Historical early area of Donji Kraji, after Mrgić- Radojčić (2002)[1]

Donji Kraji ("Lower Regions" or "Lower Ends") or Hungarian: Olfeld, Latin: Partes inferiores ("Lower Parts"), was a small medieval region in present-day northwestern Bosnia and Herzegovina, on the southwestern size of Bosanska Krajina.

Name and geography

At first, Donji Kraji referred to a region around Ključ on the Sana.[2] From the 13th century on, the region was more often called Donji kraji Slavonije than Donji kraji Bosne or Donji kraji Bosanski.[2] The territory of Donji Kraji in the 13th century included the parishes: Uskoplje, Pliva, Luka, Vrbas, Zemljanik (Resnik), Vrbanja, Tribava (Trijebovo), Mel, Lušci and Banjica. During the reign of Hrvoje, Donji Kraji merged with Sana, Glaž, Vrbas (which has since been lost), and briefly Dubica.


Early history

In a bull (decree) by King Bela IV of Hungary dated July 20, 1244, some properties were assigned (giving the right of tithe collection) to the Bishop of Bosnia: Usora, Soli, and Olfeld. This took place during the term of Bosnian Ban Matej Ninoslav (r. 1232-50). Vjekoslav Klaić placed the territory of Olfeld west of Usora, based on the 1244 document and citing Konstantin Josef Jireček, who described it to be in the northwest (of medieval Bosnia), towards Croatia, encompassing Kotor on the Vrbanja, Jajce and Ključ on the Sana.[3]

Hrvatin Stjepanić (Latin: Hrovatinus; fl. 1299–1304) was mentioned as the knez ("count") in "the lower confines of Bosnia" (de inferioribus Bosne confinibus[4]) in 1301, and was a vassal of Paul I Šubić of Bribir.[5][6]

14th century

Donji Kraji, which corresponded to Olfeld, was mentioned in a charter of Stephen II, Ban of Bosnia, dated 1332, and was one of the named lands claimed by all later Kings of Bosnia, as well as Hrvoje Vukčić.[3]

Medieval Bosnian State Expansion

The Bosnian-Croatian border in Donji Kraji remained the same during the time of the Ban Kulin at the beginning of the 13th century. According to contextual sources, Ban Kulin previously ruled the Donji Kraji, as one of four countries reporting to him. In 1406, the Croatian-Bosnian border ran from Grmeč mountain southeast to Skoplje on the Vrbas (today's Lower and Upper Vakuf), from the middle course of the Vrbas (east) to Una (west). That area included several parishes: Pliva, Zemljička, Vrbanjska and Mrenska, ruled by the Trpimirović, with whose time some authors bind the name Donji Kraji (Lower Ends).[7][8]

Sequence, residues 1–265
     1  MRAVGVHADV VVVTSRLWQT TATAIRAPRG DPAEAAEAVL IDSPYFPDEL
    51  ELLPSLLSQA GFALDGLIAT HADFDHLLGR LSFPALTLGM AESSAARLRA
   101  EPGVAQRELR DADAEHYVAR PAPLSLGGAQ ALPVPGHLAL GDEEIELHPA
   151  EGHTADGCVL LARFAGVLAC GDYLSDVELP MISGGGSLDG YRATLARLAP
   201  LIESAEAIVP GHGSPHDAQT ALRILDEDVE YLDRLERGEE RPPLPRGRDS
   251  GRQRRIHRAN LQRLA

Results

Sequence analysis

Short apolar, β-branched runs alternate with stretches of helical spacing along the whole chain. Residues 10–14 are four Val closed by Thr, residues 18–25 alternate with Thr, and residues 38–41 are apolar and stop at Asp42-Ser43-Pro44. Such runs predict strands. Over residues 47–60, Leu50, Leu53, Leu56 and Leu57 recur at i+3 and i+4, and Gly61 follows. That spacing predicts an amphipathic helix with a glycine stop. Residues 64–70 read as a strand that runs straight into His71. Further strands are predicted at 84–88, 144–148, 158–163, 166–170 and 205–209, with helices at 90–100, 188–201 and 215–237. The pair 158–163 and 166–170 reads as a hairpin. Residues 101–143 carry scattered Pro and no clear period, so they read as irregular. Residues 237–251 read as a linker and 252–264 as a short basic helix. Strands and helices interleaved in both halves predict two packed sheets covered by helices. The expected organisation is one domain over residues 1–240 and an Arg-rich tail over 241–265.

Ban Matej Ninoslav was inherited after Ban Prijezda, which recognized the supremacy of the Bela IV. Using the charter from 1287, Bela then formed banians Soli and Usora. Prijezda left the entire parish Resnik to his son-in-law, Slavonian ban Stjepan Babonić and at the end of the 13th century, parts of Donji Kraji entered Babonić.

After the collapse of Bribirski (Šubić), Bosnia became stronger and eventually grew into the most powerful state in the Balkans. Ban Stjepan II (r. 1320–53) annexed Hum, the territory of the Neretva to the Cetina, which became part of Bosnia, and is now included in Bosnia proper, Donji Kraj, Usora and Soli. Donji Kraji included the parish of Banica (around Ključ on Sana), Zemljanik (Resnik), Vrbanja (the eponymous river basin), and later Glaž (at the turn of the parish Usora and Soli). In the Donji Kraji parts of the city of Kotor, over the Jajce to Glamoč. A powerful noble family was the Hrvatinić. Founder Prince Hrvatin Stjepanić acknowledged Croatian Ban Paul Šubić, consolidating his rule in Bosnia and extending his family's influence in Donji Kraji, with the title of "Prince of the Donji Kraji of Bosnia". His sons Vukoslav, Pavle and Vukac became their leaders, and the ban of Bosnia, acknowledged Stjepan II Kotromanić, which allowed them to extend their administration to the parish of Zemljanik and Vrbanja. The most powerful figure was Hrvoje, who became the Grand Duke of Bosnia and Duke of Split. In the mid-14th century, Hrvatinić's power weakened and Donji Kraji lost the status of administrative unit in the Banate of Bosnia. The "Prince" title and the status of Donji Kraji were restored after the coronation of King Kotromanić, during which Vukac Hrvatinić was succeeded by his son Hrvoje.

15th century